9 June 2021
House prices and mortgage lending soar
With summer in full swing, it’s not just the weather that is hotting up. UK property prices rose 9.5 per cent in the year to May, with the average house now costing £261,743, according to Halifax. Annual house price inflation is at its strongest level in nearly seven years and the value of the average UK home has increased by more than £22,000 over the past 12 months.
Market activity has inevitably been bolstered by the government’s stamp duty break, with buyers looking to complete their purchases by 30 June, after which date, a phased return to the full rates kicks in. Lockdown restrictions have also enabled some buyers to save up larger deposits making bigger properties more affordable. Affordability and low mortgage rates have given buyers more purchase power, which is also contributing to soaring house prices. There is also greater demand for bigger properties with more space, to accommodate post-pandemic lifestyles, and the lack of supply is pushing values ever higher.
However, as is often the case when you talk about average national property prices and activity, the picture is not uniform, according to Halifax. House price growth in the south of England is lagging behind the rest of the country – in Greater London, for example, prices are 3.1 per cent higher than a year ago compared with 11.9 per cent in Wales, as buyers are prepared to go further in the search for more space and less need to be in the office every day. However, first-time buyers who believe this will make it easier to get on the property ladder in the south of England will still find that prices are significantly higher than in many other areas. Finding a deposit remains one of the biggest barriers to buying a home, which is why the government mortgage guarantee scheme and the return of lending at 95 per cent loan-to-value (LTV), is so important.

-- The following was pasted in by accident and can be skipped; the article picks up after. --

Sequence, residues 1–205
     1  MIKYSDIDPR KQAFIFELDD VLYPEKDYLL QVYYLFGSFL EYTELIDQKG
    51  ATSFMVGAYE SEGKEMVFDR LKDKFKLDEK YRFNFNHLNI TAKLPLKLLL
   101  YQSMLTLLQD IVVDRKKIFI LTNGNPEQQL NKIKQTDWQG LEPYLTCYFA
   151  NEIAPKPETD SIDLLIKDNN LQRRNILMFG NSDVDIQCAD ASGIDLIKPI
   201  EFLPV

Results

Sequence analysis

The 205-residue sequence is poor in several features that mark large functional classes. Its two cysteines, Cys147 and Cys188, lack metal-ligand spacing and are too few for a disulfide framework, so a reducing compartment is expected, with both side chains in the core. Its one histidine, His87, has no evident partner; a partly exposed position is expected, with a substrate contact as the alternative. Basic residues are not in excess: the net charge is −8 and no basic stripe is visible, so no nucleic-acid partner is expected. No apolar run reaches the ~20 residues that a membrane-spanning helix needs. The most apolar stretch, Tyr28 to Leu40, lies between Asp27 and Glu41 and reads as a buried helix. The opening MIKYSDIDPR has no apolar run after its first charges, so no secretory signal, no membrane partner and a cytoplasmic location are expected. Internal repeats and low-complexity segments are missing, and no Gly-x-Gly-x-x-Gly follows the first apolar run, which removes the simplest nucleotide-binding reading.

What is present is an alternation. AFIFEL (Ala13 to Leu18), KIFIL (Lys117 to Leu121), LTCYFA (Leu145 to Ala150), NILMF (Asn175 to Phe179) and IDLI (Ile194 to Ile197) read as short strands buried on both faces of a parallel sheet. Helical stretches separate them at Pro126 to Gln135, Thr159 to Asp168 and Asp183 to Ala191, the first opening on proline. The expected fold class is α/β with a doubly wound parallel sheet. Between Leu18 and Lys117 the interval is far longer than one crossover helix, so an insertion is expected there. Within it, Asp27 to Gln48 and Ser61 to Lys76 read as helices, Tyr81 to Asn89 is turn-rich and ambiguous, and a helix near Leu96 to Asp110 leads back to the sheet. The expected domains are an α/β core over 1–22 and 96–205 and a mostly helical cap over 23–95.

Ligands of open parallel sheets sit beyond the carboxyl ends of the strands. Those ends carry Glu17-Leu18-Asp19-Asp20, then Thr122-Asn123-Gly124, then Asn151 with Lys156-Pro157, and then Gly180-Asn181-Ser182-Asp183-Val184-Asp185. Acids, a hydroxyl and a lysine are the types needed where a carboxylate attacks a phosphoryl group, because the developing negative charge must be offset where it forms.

With the return of high LTV mortgages, and lenders keen to lend with plenty of cash to do so, it comes as no surprise to hear that mortgage lending is at its highest level since 2007, according to the Bank of England. The value of gross mortgage advances in the first quarter of the year was £83.3bn, 26.5 per cent higher than the same quarter last year. With borrowing so cheap, even those who perhaps don’t need to take out a mortgage can see the benefits of doing so. Fixed-rate mortgages are proving particularly popular, with two-year fixes available from less than 1 per cent and their five-year equivalents from sub-1.5 per cent. This really is excellent value for short to medium-term security but of course borrowers should be wary of fixing for longer than they are absolutely sure about or may face early repayment charges.
With the property and mortgage markets busy, finding the right deal, and perhaps a lender who can move quickly in order to enable you to progress your purchase, may not be straightforward. This is where a mortgage broker such as SPF Private Clients can help, steering you through the array of choice available to ensure you get the most suitable and cost-effective deal for your circumstances.